Interview with Brandon Steen (BS) by Mikael Sandblom (MS)
Brandon Steen was interviewed on the occasion of his solo show, Waking Up, at Elaine Fleck Gallery
MS: I see that your current body of work has been very consistent since late 2016 but it is quite different from what you were doing before. Was there a particular painting that was a breakthrough for you?
BS: Great question. There is such a painting titled Milk Truck and it isn’t one of mine, it was painted in 1959 by the late great Alex Colville. I have long admired Colville’s art going back to my first introduction to him in my high school art classes and came upon the painting on a visit to the McMichael Gallery in 2015. It resonated so deep within me on that visit that as I walked through the remainder of the gallery and out to my car it was all I could think of. I had to scratch that itch in me, turn a page on my pop surrealism art and paint realism. Soon after that day I had the great fortune of meeting gallerist and gallery owner Elaine Fleck for the first time by chance and I happily haven’t looked back.
MS: You take a great deal of care in painting the architecture of these old buildings. You paint every single brick! The fine detail makes me pay more attention to what otherwise blends into the background of urban life. Could you tell me your thoughts on the buildings you select to paint?
BS: Thanks for noticing and I am grateful my art has made you more aware of the architecture around the city. Sir Winston Churchill said once “We shape our buildings and afterwards our buildings shape us.” I for one feel quite strongly that our city has a rich and storied architectural lineage, shaped by its buildings that must be preserved. I am documenting them as I create my paintings before they are torn down or facaded without their souls intact. Perhaps I will become in time historical artist of Toronto’s past.
MS: What is your painting process? Do you make sketches first? Do you work from photographs?
BS: My process begins with me sleuthing the cities architecture on the internet, I take notes and screen shot buildings for future reference. Once I decide on a structure I go on location to see if there is a composition to paint. If I am inspired I will arrange to photograph the building usually at sunrise as the streets are clear of pedestrians and vehicles that otherwise would block my view. I return to my studio, download my shoot, select a photo to construct my composition digitally as I work strictly from my photos. From that composition I will transfer it to either a birch or maple panel that is sanded twice and crack on with buttering the paint around into a finished painting.
MS: The way you paint the sky is very interesting. Could you tell me about your method for this?
BS: Sure, yes, I get asked about my sky treatment a lot. I want all the focus to be on the structure, stripping out the background focuses the patron onto the building so that is why my paintings have white skies. Except a pure white background is flat and uninteresting to me. I have developed a technique that involves layers of painting under the painting to give texture and depth. I then measure out a grid and paint what I call individual tiles various colours that I hand mix up and then when they are painted I treat the sky with a series of white washes. I paint over the tiles and allow some colour to peak through to give a unique and dynamic layer to my paintings.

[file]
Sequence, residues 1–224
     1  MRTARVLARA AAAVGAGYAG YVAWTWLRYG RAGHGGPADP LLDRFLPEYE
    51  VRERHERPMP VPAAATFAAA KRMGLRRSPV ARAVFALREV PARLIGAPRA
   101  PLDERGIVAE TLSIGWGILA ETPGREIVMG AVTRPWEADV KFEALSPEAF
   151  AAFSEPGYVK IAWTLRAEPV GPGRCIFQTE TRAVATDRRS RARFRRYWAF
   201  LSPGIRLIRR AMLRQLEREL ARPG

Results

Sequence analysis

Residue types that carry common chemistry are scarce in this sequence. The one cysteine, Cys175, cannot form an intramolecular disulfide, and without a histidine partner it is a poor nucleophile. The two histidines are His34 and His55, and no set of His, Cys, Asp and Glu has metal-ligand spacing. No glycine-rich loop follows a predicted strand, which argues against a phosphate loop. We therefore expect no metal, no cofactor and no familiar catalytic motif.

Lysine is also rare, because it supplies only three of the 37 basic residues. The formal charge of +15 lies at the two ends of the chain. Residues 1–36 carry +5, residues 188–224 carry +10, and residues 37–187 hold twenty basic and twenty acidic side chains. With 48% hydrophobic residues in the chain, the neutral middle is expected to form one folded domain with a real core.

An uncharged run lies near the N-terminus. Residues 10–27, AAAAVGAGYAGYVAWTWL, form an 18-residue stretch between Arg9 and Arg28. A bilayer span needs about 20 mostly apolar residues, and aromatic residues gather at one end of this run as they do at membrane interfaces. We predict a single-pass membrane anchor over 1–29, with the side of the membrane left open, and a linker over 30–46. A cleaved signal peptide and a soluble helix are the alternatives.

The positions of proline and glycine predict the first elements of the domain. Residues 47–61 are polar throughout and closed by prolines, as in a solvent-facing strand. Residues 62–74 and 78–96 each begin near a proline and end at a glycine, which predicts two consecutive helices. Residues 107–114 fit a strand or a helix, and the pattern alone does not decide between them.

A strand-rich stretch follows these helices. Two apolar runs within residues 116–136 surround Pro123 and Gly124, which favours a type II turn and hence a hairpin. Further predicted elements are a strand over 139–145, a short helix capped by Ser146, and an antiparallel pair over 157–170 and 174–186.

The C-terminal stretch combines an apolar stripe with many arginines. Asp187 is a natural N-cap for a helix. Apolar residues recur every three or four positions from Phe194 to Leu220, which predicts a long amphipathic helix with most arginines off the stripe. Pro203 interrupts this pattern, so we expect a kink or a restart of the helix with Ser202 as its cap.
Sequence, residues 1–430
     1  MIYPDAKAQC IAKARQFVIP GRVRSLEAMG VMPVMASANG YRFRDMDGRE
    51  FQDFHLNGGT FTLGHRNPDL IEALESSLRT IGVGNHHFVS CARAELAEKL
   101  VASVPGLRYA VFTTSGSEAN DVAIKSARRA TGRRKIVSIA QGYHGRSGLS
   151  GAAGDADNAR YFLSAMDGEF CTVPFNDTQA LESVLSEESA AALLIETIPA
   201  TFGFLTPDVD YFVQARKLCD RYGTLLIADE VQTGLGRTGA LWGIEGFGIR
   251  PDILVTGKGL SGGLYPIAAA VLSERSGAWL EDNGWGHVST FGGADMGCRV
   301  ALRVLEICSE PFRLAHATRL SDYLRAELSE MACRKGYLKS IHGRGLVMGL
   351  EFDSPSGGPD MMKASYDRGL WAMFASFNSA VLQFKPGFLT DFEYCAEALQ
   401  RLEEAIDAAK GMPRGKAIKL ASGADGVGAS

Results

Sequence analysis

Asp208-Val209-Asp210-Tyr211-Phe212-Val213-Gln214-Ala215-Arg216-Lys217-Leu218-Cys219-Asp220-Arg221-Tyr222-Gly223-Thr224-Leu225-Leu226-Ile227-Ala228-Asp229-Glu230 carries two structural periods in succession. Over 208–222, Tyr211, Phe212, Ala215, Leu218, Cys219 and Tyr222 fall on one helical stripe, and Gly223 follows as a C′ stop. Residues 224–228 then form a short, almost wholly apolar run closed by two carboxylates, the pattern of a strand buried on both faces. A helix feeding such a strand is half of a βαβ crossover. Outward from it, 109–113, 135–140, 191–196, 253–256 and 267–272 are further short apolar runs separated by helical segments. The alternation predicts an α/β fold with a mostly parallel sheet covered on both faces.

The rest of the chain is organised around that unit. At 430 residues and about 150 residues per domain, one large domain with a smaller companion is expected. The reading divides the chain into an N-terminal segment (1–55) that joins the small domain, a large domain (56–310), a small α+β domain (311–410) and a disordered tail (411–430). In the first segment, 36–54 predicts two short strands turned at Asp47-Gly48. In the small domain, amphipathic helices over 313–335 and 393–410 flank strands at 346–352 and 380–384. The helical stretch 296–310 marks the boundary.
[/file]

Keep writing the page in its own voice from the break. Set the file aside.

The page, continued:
MS: Your paintings are devoid of people, but they always contain birds and animals. How do you think these creatures change the meaning of the paintings?
BS: There are no people in my paintings on purpose, as I want the focus on the strictly on the structure. The birds are there because they represent calmness and I have heard they do to others as well from the patrons’ comments they have shared with me be it in the Elaine Fleck Gallery, online or in person. As for the animals they are in my art because I care about animal conservation, the habitat we influence on them especially here in the city. A noted conservationist, Torontonian named E.T. Seaton asserted “we and the beasts are kin” to which I concur. Perhaps my hope is that when people see the animals they will see them as a conduit of sorts to their own desire to champion an awareness to the animals’ equal right to our city.
MS: I see that graffiti is an important component of your paintings. But when I compare your work to the actual sites, I see that you’ve also added your own! Could you tell me about the graffiti that you add?
BS: Graffiti is here to stay and ubiquitous with downtown architecture it would seem. In some instances, it is there on a particular building or structure and in some cases, it is terrible graffiti, so I create my own. The graffiti I create has meaning because it tells a unique tidbit of the building’s history and in some instances, I might work in the music playing in my studio or iconography that is personal to me. Such as two characters that hit up my art which are a carryover from my career as a pop surrealist, Happy the bull terrier and Abe Weiner.
MS: What’s next for you? Are you planning to continue this series, or will we see a change in your next paintings?
BS: Oh, that’s a great question. What’s next is a road show of sorts that my gallerist Elaine Fleck is taking me on. She and the gallery will be showcasing my art in a fall show in September at the Evergreen Brick Works. That show is going to be amazing and I have been tirelessly preparing for and I will be so proud to share it with the public. At this point I will say that show will be about five Toronto Saints and lots and lots and lots of painted bricks.
Images are courtesy of Elaine Fleck Gallery
*Exhibition information: Brandon Steen, Waking Up, Solo Exhibition, April 2019, Elaine Fleck Gallery, 1351 Queen St. West, Toronto. Gallery hours: Wed – Sun, 12 – 5 pm (closed on Easter Sunday)